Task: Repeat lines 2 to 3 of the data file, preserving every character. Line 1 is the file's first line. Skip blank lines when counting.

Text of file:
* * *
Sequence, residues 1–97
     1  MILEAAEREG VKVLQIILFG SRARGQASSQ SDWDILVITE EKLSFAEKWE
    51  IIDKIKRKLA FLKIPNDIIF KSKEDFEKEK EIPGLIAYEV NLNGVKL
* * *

     1  MILEAAEREG VKVLQIILFG SRARGQASSQ SDWDILVITE EKLSFAEKWE
    51  IIDKIKRKLA FLKIPNDIIF KSKEDFEKEK EIPGLIAYEV NLNGVKL